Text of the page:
People sometimes have no idea they own rare gems, and whoever purchased this Trans Am made the most awful decision regarding its paint.
The car rolled off the assembly lines as a Solar Gold example, but the owner someone believed it looked better in brown. The same finish is still on the car, somehow surviving the test of time after the Trans Am ended up in storage.
Here’s a little context to understand how special Solar Gold was for the 1978 model year Trans Am.
The Firebird lineup launched with little changes, and for most people, it looked similar to its predecessor. However, Pontiac refined the Trans Am in several key areas, rolling out new graphics and a new custom interior. The striking change on the Solar Gold Trans Am was a new hood bird, so everyone could tell it was a 1978 model from a distance. The new bird eventually became a highly desirable feature, making its way to more Trans Ams for the next model years.
Therefore, the Solar Gold finish was a special goodie on this Trans Am, but it ended up being dumped for this ugly brown that doesn’t look at all special. The vehicle has been sitting for years, so it now needs body work and, if you’re a diehard Pontiac fan, a new paint job to restore its original magic.
The engine under the hood is no longer the original unit. It’s unclear if the same brown fanboy ditched the original powerplant, but the Trans Am is now fitted with a 403 Olds engine. It’s no longer working, but this isn’t a surprise, given that the car has been sitting for a long time.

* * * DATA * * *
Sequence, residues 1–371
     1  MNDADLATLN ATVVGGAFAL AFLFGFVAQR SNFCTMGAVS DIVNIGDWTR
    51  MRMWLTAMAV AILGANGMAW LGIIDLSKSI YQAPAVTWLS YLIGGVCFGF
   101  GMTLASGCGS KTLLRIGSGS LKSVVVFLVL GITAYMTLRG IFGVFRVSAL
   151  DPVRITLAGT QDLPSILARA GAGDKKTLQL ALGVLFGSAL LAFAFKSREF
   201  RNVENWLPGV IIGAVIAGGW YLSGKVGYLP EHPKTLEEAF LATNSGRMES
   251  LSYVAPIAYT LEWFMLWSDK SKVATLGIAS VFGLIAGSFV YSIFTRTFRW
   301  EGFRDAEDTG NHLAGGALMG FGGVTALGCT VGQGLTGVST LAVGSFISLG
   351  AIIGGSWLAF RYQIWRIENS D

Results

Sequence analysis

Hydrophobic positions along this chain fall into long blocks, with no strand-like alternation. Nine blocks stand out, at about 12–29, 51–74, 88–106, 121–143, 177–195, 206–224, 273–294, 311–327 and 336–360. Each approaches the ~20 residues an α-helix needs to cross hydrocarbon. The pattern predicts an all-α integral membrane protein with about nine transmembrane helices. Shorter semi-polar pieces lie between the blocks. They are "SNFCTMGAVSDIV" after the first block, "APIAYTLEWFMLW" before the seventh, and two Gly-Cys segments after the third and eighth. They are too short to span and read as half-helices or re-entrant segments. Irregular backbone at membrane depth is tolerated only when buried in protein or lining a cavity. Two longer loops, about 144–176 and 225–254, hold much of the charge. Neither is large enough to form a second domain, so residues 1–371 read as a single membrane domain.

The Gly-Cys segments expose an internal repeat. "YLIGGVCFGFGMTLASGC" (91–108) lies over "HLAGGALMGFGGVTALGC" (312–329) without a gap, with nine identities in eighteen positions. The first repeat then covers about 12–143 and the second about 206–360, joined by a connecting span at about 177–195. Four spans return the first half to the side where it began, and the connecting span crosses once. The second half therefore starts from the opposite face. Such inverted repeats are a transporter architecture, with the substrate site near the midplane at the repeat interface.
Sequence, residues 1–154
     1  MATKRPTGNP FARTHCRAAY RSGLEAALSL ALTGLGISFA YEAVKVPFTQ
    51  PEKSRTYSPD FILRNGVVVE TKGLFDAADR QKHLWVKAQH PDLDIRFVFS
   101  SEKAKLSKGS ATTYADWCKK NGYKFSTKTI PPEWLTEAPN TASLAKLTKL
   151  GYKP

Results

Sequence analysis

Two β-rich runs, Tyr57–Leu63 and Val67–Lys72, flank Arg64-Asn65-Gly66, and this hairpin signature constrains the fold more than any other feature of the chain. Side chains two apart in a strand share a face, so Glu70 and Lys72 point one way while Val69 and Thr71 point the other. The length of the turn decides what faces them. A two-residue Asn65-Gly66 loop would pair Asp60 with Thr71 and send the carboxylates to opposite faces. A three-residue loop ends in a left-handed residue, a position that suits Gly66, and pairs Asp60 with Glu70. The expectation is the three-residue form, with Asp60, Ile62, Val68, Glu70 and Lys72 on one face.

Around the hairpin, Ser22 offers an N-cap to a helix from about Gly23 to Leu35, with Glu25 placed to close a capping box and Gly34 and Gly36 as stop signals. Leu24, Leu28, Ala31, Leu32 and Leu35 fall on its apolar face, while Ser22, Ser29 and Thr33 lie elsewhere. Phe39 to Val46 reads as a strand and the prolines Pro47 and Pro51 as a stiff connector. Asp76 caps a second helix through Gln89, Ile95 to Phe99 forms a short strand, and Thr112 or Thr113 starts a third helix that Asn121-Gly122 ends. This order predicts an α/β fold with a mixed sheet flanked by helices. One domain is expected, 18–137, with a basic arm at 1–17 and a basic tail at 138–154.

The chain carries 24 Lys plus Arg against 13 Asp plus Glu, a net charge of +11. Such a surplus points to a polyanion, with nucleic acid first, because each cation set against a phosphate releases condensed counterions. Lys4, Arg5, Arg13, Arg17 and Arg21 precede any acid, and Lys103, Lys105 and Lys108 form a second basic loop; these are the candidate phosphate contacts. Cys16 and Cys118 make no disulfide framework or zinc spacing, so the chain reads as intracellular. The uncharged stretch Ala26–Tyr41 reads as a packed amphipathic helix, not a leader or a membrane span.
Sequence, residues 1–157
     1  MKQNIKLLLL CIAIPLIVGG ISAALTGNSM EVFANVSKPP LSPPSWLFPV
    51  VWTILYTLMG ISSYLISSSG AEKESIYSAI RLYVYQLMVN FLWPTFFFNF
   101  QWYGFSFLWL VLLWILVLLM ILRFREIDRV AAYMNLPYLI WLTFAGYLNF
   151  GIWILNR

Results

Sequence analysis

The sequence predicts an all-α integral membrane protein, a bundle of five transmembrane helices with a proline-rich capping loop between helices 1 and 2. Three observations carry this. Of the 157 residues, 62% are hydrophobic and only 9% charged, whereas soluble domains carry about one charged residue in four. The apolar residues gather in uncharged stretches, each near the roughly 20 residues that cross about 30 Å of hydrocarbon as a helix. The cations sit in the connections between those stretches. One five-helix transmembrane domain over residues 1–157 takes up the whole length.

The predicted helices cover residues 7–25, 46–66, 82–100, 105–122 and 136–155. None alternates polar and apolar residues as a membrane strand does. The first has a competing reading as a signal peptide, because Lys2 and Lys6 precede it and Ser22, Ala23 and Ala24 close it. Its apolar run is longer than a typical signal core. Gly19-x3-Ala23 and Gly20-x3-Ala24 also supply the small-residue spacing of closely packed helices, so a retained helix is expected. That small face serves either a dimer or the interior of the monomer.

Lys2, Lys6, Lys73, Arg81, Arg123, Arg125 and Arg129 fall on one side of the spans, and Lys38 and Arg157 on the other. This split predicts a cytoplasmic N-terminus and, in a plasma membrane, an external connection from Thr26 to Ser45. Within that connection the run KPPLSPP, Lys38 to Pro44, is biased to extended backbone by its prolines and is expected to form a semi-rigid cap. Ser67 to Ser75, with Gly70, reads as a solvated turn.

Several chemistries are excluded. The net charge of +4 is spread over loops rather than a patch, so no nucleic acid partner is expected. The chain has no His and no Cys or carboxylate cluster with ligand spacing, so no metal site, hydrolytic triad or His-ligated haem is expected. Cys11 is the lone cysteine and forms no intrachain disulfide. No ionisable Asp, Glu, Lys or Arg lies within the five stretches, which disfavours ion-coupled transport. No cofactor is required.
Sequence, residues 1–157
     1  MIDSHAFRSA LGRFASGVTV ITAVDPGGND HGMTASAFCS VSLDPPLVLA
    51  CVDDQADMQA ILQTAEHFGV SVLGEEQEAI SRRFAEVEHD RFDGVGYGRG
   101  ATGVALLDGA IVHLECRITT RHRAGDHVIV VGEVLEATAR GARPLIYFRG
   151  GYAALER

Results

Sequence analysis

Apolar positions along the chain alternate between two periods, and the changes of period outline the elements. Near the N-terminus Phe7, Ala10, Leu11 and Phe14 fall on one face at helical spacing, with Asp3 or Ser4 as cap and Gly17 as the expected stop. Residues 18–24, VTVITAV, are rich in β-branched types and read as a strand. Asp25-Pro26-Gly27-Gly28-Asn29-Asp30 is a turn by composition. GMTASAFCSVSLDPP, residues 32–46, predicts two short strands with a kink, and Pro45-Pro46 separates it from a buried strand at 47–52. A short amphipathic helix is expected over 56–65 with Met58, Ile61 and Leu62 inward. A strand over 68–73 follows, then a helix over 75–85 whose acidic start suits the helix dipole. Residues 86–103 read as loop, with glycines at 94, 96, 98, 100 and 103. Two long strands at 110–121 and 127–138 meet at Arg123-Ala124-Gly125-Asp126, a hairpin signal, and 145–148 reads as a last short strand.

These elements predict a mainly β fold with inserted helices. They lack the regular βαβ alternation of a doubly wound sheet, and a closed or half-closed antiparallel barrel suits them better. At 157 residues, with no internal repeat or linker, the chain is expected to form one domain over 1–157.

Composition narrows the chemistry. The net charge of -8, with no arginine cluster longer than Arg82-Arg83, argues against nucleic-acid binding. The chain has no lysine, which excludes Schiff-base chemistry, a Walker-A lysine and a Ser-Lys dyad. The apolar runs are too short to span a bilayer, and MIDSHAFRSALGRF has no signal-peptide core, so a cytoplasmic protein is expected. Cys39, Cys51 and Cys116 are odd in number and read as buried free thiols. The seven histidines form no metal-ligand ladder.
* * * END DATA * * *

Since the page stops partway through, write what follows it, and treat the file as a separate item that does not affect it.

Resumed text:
If you’re interested in the metal condition, the typical suspects are the ones requiring the most attention. The trunk pan shows signs of rust, but the floors are clean (I think this is a little unexpected, especially considering this Trans Am spent years in storage. The owner says the car’s problems are “nothing big,” with the frame still very solid.
A gold Trans Am is typically a highly desirable project, though this 1978 example underwent a series of unfortunate changes that reduced its fanboy appeal. As a California car with only a few spots of rust, the car qualifies for an easy restoration project, but only if you’re not interested in bringing the vehicle back to factory specifications. Otherwise, you can stick with what you get on the car and turn it into a unique daily driver.